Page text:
Last week we were all horrified to hear about the hate crime committed in Arroyo Grande.
My initial reaction was highly emotional, and I had to work to hold back tears.
I was sick to my stomach. Did this really happen here? A “hate crime?” In Arroyo Grande? It seemed unthinkable, yet there it was — plain as day. A church’s stolen cross burning on a multiracial family’s property is as clear as it gets. My outrage ran swift and deep.
I wanted to scream from the rooftop of City Hall, “not in my house!” I spent hours on the phone in the following days with citizens, police and city officials. I was told the law says that bias must be not only evident, but also provable for it to be classified as a “hate crime.” Did this fit the legal definition? Logic, indeed common sense, told me it just didn’t matter. Its symbolism was unmistakable and unacceptable, even if its display might have been born of plain ignorance.
This disconnect between law and logic made me feel conflicted and powerless. As the community reacted with justifiable anger, I realized my job as councilmember of Arroyo Grande is to help lead the way to the next step. As law enforcement does its job, it is time to do mine.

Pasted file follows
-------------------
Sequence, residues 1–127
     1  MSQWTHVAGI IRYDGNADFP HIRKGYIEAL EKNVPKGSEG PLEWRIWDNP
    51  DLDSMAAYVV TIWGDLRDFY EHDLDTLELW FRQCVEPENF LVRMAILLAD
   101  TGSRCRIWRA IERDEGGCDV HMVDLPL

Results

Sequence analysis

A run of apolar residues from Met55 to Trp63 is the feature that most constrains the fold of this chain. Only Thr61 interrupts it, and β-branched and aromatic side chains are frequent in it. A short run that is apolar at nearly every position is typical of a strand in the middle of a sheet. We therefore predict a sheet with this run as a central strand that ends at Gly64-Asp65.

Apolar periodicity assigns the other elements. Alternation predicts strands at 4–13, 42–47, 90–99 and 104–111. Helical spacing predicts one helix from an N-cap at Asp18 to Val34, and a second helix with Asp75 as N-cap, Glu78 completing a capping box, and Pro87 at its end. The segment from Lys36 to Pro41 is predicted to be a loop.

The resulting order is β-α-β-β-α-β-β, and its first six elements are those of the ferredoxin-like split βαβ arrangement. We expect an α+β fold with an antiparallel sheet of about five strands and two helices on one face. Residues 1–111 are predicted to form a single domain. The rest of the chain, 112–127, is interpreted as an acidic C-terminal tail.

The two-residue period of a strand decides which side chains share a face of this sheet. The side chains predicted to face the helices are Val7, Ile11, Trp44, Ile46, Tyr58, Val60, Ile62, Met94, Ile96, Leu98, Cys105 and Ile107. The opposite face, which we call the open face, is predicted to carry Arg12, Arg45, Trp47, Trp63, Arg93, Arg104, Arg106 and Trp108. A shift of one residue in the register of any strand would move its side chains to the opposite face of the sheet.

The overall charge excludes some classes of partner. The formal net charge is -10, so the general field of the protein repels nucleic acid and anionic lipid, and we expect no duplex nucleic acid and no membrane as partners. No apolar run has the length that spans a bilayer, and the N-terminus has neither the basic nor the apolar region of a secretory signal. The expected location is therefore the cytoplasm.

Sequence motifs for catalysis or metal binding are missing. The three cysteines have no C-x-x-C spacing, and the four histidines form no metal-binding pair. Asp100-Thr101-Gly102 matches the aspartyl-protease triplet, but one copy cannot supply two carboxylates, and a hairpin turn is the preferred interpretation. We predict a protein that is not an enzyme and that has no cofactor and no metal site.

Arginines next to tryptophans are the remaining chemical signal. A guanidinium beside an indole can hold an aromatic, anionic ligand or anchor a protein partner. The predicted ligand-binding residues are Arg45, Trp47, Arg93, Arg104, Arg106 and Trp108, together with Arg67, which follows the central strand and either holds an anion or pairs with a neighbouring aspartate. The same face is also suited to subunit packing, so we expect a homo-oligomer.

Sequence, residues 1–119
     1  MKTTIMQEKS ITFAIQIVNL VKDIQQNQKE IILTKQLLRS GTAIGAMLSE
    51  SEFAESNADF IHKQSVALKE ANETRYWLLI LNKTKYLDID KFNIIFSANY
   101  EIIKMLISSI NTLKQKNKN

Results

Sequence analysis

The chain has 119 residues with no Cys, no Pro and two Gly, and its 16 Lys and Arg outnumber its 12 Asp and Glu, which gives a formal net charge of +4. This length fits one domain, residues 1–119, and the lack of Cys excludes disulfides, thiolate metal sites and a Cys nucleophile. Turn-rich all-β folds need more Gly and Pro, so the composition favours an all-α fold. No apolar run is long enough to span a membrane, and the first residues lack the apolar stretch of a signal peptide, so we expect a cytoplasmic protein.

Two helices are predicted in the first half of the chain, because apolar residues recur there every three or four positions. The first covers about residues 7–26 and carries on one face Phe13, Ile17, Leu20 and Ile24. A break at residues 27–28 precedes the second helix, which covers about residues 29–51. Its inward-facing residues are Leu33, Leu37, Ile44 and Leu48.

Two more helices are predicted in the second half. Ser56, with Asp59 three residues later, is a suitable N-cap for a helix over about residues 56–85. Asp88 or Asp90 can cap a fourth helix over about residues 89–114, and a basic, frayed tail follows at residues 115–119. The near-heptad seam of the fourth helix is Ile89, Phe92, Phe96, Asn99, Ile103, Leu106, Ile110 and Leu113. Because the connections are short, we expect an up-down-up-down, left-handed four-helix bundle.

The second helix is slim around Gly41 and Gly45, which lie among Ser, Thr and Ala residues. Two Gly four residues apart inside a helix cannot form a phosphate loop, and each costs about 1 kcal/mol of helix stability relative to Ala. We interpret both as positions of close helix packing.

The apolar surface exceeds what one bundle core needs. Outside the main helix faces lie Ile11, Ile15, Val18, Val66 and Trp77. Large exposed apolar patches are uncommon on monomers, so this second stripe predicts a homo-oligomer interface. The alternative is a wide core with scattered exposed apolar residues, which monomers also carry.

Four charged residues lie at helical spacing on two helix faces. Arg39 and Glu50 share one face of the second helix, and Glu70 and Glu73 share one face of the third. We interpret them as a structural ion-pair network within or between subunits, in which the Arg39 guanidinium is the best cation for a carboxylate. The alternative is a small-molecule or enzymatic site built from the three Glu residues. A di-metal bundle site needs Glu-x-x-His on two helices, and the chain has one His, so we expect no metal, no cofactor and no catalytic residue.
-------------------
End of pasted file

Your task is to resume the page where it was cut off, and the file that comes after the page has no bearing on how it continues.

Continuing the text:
The path to healing is simple: we need to talk. Communication and openness shine the light that will lead us out of this dark hour. It will allow us to take control of our destiny as a city, and to shape it into a place indicative of our strong values of honor, volunteerism and community. By talking, we overtly demonstrate our collective vision.
It is beginning already. At our council meeting, the NAACP offered its help, citizens spoke about their anger with calm and poise, and two high school students offered pleas for tolerance with passion and preparation that put adults to shame. Our meeting was an extraordinary display of rage coupled with constructivism. It must continue at the dinner table, at our desks at work, and in our houses of worship. It must continue in classrooms, in front yards, and at grocery stores.
It is all too easy to become complacent in our little corner of paradise. Let this terrible event serve as a reminder that, as always, there is work to be done, and we must remain vigilant. Let it remind us to revisit, discuss, and demonstrate our values, and to continually reinforce what “community” really means. Through dialog we take our city back on our terms, exactly as we espouse.
Caren Ray is mayor pro tem of Arroyo Grande.